File photo by Deanne Fitzmaurice of The New York Times / A new 67-megawatt solar farm north of Fresno, Calif., is shown in this March 27, 2020, photo.

It has long been said that the definition of insanity is doing the same thing over and over again and expecting a different result. By that definition, we're the ones detached from reality if we keep accepting what the oil industry and the green movement keep telling us over and over again and expecting a different result.

The greens keep saying that because the price of wind and solar is now as cheap as, or cheaper than, fossil fuels, they've won the energy war. Game, set, match — welcome to the green planet.

The oil companies say — as they have in each previous energy crisis since 1973 — that the only answer to this energy crisis is the one they've offered for the past 49 years: drill, baby, drill. Welcome to reality.

Well, they're both wrong, and accepting the repetition of either of these tired shibboleths is hurting us economically, environmentally and geopolitically — especially, of late, geopolitically.

Because our continued addiction to fossil fuels is bolstering Vladimir Putin's petrodictatorship and creating a situation where we in the West are — yes, say it with me now — funding both sides of the war. We fund our military aid to Ukraine with our tax dollars and some of America's allies fund Putin's military with purchases of his oil and gas exports.

And if that's not the definition of insanity, then I don't know what is.

Have no illusion — these sins of the green movement and the oil industry are not equal. The greens are trying to fix a real, planet-threatening problem. The oil and coal companies know that what they are doing is incompatible with a stable, healthy environment. Yes, they are right that without them there would be no global economy today. But unless they use their immense engineering talents to become energy companies, not just fossil fuel companies, there will be no livable economy tomorrow.

Let's look at both. For too long, too many in the green movement have treated the necessary and urgent shift we need to make from fossil fuels to renewable energy as though it were like flipping a switch — just get off oil, get off gasoline, get off coal and get off nuclear — and do it now, without having put in place the kind of transition mechanisms, clean energy sources and market incentives required to make such a massive shift in our energy system.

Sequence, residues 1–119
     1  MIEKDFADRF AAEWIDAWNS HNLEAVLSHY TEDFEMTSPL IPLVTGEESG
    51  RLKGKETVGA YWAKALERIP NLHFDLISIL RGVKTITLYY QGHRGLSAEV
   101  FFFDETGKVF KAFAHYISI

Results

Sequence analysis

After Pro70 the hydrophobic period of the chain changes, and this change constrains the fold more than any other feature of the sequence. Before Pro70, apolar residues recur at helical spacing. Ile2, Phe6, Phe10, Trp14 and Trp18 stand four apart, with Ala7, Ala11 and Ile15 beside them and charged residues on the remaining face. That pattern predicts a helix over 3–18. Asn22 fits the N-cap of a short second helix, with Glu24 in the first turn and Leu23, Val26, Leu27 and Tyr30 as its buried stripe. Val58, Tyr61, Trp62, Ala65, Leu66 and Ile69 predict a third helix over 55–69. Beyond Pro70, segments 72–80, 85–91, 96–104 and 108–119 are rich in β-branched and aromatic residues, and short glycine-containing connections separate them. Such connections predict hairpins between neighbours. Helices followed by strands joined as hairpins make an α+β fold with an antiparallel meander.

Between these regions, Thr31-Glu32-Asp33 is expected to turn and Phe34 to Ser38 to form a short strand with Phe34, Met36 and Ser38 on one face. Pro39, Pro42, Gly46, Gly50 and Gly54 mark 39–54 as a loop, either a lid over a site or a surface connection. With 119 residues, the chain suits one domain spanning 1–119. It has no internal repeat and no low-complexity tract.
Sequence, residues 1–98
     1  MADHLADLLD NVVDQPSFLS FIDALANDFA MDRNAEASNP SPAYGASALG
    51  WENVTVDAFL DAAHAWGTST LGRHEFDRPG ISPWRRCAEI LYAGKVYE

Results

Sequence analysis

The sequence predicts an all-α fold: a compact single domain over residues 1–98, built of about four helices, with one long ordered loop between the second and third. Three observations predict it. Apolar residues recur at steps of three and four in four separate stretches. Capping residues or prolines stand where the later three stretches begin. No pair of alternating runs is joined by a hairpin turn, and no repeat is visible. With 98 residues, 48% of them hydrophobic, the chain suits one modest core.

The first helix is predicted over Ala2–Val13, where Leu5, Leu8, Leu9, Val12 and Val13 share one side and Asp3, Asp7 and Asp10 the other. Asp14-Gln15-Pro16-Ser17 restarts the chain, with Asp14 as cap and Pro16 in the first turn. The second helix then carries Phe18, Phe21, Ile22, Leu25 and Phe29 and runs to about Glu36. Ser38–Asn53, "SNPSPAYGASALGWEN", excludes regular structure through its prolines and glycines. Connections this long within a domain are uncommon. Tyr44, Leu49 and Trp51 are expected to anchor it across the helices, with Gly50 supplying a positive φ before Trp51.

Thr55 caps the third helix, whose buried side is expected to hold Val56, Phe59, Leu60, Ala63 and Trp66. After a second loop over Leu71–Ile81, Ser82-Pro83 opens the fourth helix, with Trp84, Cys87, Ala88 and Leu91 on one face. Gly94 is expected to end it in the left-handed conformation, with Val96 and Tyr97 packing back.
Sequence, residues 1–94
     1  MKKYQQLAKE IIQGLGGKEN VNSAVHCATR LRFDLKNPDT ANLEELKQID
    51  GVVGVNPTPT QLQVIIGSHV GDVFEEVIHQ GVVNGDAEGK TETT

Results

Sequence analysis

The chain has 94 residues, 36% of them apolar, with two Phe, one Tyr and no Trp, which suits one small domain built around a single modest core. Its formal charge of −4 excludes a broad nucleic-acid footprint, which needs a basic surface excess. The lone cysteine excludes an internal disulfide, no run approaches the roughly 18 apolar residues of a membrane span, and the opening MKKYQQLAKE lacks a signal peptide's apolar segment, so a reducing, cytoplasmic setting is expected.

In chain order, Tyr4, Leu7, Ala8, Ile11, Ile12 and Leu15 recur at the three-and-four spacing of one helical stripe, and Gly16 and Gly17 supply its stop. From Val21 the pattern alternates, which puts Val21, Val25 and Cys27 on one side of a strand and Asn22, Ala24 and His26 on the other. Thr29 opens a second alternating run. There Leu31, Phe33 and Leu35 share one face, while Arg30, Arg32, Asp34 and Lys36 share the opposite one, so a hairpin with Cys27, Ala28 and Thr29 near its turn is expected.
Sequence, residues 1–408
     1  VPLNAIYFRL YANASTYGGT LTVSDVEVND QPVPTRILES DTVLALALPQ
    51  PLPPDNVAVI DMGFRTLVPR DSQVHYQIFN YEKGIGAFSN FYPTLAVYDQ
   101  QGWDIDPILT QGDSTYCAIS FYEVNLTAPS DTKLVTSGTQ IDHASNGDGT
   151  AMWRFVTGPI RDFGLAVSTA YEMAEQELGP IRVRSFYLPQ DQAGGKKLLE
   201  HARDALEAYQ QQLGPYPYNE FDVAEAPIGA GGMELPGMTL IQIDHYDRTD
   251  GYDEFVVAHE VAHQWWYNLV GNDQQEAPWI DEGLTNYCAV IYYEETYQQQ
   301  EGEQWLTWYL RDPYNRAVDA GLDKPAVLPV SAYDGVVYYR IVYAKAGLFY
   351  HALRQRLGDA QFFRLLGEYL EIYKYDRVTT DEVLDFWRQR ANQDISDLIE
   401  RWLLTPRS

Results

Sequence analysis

The most important delusion of the green movement today — of which I am a proud, if grouchy, member — is telling itself that because the price of wind and solar technology has fallen so low now that it can beat coal and natural gas in most markets, often even without subsidies, it's "game over" for fossil fuels. I wish. Price is only half the story.

If you can't install the transmission lines — to get that sun and wind power from the vast open spaces where it is generated to the big urban areas where it is needed — and if you cannot set aside more land to install the scale of solar and wind farms you need to replace coal, gas or nuclear, it doesn't matter that your renewables are cheaper on a per-kilowatt-hour basis.

And today transmission is a huge problem in the U.S. and Europe, where many people don't want wind farms, solar fields, electricity lines — or natural gas pipelines — in their backyard.

Meanwhile, ever since the 1973 Arab oil embargo, the big oil companies have basically said in each successive crisis: Sure, we need more clean energy, but you have to understand — it doesn't scale. Right now, we're in an emergency, so we just need to drill more.

The oil companies better be careful, though, because this time could be different, thanks to more consumers demanding electric cars and more industries being forced by consumers and employees to quickly decarbonize.

Both the greens and the browns need to get real: The greens need to up their deployment game. "That means tripling solar installation rates, roughly doubling long distance transmission lines, doing everything possible to accelerate the electric car transition and starting to roll out renewable hydrogen for industry," said Hal Harvey, chief executive of Energy Innovation, which helps companies and countries transition to clean fuels. And we need to do this rapidly and intelligently, "while protecting local ecosystems."

The fossil fuel companies, Harvey told me, "need to change their business model so that it is compatible with life on earth — while they still have a chance."

For those oil companies sitting on large natural gas deposits — which are needed in this transition because gas is cleaner than coal — it means tapping those deposits but doing so with zero methane leakage; otherwise gas becomes as bad as coal. But it also means thinking much more seriously about how fossil fuel companies truly make the transition to become "energy companies," not just oil companies.

The Stone Age, as they say, didn't end because we ran out of stones. And the oil age won't end because we run out of oil. It will end with millions of barrels still in the ground because we've made oil for transportation obsolete.

The serious oil companies will get ahead of that. The serious petrodictators will be taken down by it. We can't make it happen soon enough.

The New York Times